Joretta Fullington watched her 19-year-old son change from a seemingly fearless, self-confident young man into a distant and jumpy teen whose anxiety would spike with the intensity of a fever. She blames the transformation on a legal - even innocuous sounding - product sold in stores and referred to as "bath salts."
Fullington fears the effects of the synthetic products - when smoked or sniffed - could be just as bad as cocaine or the other illegal drugs they can mimic. The difference - until now - is that they have been more accessible to young people.
"You could have them run in for a gallon of milk, and they could be picking up bath salts. It's not like they've gone for a couple of hours looking for a drug dealer," said Fullington, 49, of the southwest Missouri town of Republic.
A new Missouri law - one of several that take effect Sunday - restricts the synthetic substances. Other new laws establish additional restrictions for late-term abortions, set new policies for handling young athletes suspected of sustaining concussions, establish longer maximum sentences for people convicted of human trafficking offenses and require drug testing for some welfare recipients.
This is Missouri's second effort in as many years to target synthetic drugs. Last year, a new law took aim at a synthetic product often marketed as "K2" that can mimic the effects of marijuana. But some producers altered the chemical compounds and continued to sell a similar product. This year's law seeks to regulate chemicals that are similar to synthetic cannabinoids, as well as additional substances that have been used in other products.
Franklin County sheriff's detective Sgt. Jason Grellner said synthetic cannabinoids can cause a more intense high than marijuana, and other synthetic substances are able to combine the hallucinogenic effects of ecstasy with the stimulant effect of cocaine. Grellner said the substances are being sold at some convenience stores and have been marketed to young people by using brightly colored packaging.
The new law "will cut down on the overdoses that we are seeing at emergency rooms and the deaths that are being associated with these drugs by overdose or by suicide," said Grellner, who is vice president of the Missouri Narcotics Officers Association.
The American Association of Poison Control Centers reported that through the first several months of this year, there were more than 2,700 cases of people falling ill from synthetic drugs. In all of 2010, there were less than 3,200 such cases.
At least 38 states through mid-August have targeted synthetic cannabinoids, according to the National Conference of State Legislatures. In addition, at least 30 states have sought to restrict other synthetic substances, including Missouri border states of Arkansas, Illinois, Iowa, Kansas, Kentucky, Oklahoma and Tennessee.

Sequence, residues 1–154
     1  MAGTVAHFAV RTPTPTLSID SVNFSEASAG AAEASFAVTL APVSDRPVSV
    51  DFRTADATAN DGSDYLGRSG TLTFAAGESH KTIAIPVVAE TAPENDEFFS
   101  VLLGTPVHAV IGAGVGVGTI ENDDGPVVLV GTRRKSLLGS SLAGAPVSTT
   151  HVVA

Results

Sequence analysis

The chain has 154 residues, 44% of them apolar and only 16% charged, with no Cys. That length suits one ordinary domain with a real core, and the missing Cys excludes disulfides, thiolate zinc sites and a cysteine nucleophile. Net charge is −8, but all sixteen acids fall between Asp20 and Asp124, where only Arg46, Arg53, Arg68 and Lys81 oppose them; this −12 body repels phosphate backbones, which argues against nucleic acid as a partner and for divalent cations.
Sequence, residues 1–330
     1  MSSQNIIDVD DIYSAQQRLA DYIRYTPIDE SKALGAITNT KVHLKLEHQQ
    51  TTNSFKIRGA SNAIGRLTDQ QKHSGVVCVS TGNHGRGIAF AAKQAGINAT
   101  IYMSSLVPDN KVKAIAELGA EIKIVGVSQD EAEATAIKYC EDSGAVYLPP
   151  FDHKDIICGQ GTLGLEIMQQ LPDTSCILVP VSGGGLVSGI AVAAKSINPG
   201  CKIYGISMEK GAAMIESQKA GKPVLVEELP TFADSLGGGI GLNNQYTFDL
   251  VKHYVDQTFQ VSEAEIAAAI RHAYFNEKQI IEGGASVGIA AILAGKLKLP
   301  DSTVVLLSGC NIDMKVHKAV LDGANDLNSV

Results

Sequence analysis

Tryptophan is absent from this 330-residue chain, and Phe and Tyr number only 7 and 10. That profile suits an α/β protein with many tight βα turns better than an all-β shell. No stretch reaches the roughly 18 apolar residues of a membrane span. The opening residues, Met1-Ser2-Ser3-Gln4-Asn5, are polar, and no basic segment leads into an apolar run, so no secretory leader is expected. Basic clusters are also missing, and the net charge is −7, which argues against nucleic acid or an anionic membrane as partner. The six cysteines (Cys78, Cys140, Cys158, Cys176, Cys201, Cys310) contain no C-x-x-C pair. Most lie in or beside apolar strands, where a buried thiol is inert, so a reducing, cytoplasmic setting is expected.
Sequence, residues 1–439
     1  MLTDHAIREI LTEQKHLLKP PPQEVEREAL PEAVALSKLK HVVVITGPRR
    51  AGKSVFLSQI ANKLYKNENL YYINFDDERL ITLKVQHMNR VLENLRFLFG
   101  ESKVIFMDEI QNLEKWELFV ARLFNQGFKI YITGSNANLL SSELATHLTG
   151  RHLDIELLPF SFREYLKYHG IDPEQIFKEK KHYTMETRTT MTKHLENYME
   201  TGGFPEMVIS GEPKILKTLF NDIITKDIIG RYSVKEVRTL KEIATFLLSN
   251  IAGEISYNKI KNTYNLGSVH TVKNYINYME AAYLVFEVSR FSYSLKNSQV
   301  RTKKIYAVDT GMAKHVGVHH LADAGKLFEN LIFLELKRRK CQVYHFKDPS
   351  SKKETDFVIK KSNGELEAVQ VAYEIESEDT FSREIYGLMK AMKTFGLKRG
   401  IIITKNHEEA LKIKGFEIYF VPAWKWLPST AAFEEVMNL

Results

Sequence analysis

However, one manufacturer and wholesaler contends that Missouri's efforts are misguided and will do little to stop people from misusing things to get high. The new restrictions also could fuel a black market that leaves only irresponsible producers that make more dangerous substances, said Rodger Seratt. He said he sells bath salts and incense to vendors in southeastern Missouri and southern Illinois.
Seratt, 61, said the bath salts are intended to kill bacteria and assist with a thorough cleaning while making baths more relaxing. He said none of his products are intended for human consumption.
Although Seratt said he is getting out of the business with Missouri's new restrictions taking effect Sunday, he contends the new law is subjective and discriminatory and has sought to challenge it in federal court.
Seratt said the restrictions unfairly target producers like him and contends that if state officials want to regulate products because some consumers have misused them, then there also should be restrictions for things such as spray paint, glue, gasoline and cooking oil spray - all of which have used been used to get high.
"There is a serious problem to ban the misuse of something," he said. "What about knife manufacturers? Do they have to quit making knives because people frequently misuse them to injure people?"
Several Missouri residents earlier this year sent messages to Gov. Jay Nixon urging him to approve restrictions for the synthetic substances and describing the difficulties their loved ones have faced. Among those was Fullington, who said Missouri needs to restrict the synthetics.
"Bath salts should never have been in our stores," she said. "It should never have been on the shelves."